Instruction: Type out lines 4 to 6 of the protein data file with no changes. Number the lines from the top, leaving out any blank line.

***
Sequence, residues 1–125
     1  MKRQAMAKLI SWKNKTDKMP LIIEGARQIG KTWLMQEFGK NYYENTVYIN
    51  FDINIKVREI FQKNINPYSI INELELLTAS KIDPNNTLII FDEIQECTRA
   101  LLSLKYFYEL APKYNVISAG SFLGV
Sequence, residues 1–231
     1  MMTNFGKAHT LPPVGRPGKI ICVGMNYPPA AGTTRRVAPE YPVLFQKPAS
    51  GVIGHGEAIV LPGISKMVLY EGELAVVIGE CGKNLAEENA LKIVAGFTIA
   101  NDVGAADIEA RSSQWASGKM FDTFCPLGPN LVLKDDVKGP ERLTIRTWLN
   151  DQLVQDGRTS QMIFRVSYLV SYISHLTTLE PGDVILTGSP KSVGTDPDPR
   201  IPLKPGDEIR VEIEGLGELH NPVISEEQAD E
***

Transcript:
   101  LLSLKYFYEL APKYNVISAG SFLGV
Sequence, residues 1–231
     1  MMTNFGKAHT LPPVGRPGKI ICVGMNYPPA AGTTRRVAPE YPVLFQKPAS